"Understanding why a model makes a prediction can be equally as important as the accuracy of the prediction itself," wrote Wanik. "This paper is an excellent example of how scientists can interact with deep learning models, glean new insights and spark new research ideas from observing how deep learning models treat their input data."

Gagne hopes that his endeavor may eventually serve as a supplement to meteorologists when dealing with the forecasting and warning of hail events.

"Our goal is to help better forecast hours or even days in advance," Gagne said. His aspirations include both making more accurate real-time warnings but also stretching the warning time. If forecasters can predict the structure of storms before they form, Gagne's work will bridge the gap between needed to translate that information into potential hail size.

"Then we could tell folks to maybe change their plans, put their car in the garage, tweak their outdoor schedules," said Gagne. He believes this to be of great appeal to larger-scale interests as well, such as for event planners or those in the transportation sector. "You could bring in more staff to help with crowd control at the airport or to move the planes faster."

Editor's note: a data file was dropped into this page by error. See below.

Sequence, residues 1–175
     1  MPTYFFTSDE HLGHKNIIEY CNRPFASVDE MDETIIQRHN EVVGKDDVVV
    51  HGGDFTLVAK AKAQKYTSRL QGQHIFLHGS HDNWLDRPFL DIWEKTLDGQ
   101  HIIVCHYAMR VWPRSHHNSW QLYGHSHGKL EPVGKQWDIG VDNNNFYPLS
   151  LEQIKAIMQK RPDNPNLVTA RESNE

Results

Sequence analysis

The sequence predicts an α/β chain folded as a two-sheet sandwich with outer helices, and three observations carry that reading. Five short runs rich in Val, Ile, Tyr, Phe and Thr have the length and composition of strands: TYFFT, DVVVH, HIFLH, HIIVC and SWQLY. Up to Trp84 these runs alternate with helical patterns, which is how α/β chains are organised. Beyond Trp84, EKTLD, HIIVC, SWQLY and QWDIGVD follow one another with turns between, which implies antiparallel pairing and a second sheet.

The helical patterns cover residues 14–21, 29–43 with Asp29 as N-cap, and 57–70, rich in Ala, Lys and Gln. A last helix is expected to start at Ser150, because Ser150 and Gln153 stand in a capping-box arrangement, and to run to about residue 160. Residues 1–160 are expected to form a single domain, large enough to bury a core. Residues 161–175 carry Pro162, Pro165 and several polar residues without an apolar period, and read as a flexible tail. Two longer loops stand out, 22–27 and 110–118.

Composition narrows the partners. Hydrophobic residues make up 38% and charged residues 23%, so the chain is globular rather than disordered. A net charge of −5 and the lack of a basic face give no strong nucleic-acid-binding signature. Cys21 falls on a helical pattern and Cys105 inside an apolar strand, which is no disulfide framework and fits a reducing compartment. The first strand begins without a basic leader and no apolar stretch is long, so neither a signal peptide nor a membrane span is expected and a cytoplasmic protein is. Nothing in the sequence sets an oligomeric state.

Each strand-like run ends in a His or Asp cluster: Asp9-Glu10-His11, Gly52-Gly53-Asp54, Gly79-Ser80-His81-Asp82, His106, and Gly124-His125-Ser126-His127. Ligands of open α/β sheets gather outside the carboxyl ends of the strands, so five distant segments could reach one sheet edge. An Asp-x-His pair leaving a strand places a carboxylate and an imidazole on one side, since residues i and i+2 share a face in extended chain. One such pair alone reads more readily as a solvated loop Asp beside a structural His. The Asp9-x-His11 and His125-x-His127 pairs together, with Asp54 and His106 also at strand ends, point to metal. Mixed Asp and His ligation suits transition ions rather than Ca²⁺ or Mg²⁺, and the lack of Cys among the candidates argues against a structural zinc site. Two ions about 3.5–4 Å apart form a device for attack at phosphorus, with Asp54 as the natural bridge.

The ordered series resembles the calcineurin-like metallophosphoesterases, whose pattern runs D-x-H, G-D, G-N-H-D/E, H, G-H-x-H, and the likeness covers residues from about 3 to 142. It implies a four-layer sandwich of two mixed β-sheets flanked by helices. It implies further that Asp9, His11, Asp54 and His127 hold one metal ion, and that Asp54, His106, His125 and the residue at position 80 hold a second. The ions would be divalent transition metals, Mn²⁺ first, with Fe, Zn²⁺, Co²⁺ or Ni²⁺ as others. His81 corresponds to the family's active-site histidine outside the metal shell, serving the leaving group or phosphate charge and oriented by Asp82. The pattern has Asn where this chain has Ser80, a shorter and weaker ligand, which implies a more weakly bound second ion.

"This could save tons of money," said Gagne. "Since 2008, we've had more than $10 billion in hail damage every year. If you have a hailstorm going through a hail-prone city like Dallas or Minneapolis or Phonex every few years, it can add up fast."

Gagne himself has witnessed firsthand the destructive power of hail. "The biggest I've seen was baseball size during a storm chase in Moore, Oklahoma in 2010," he said. Less than four years later, his vehicle suffered major damage when a similar-magnitude hailstorm ripped through the town of Norman. "That was to the tune of several thousand dollars."



This article was written by Matthew Cappucci, a reporter for The Washington Post.